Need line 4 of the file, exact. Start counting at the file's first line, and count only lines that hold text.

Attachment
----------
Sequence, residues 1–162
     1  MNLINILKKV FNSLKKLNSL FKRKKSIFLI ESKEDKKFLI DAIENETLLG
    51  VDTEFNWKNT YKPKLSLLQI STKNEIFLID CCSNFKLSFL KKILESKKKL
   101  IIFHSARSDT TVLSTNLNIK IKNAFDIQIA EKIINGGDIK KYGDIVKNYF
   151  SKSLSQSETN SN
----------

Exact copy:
   101  IIFHSARSDT TVLSTNLNIK IKNAFDIQIA EKIINGGDIK KYGDIVKNYF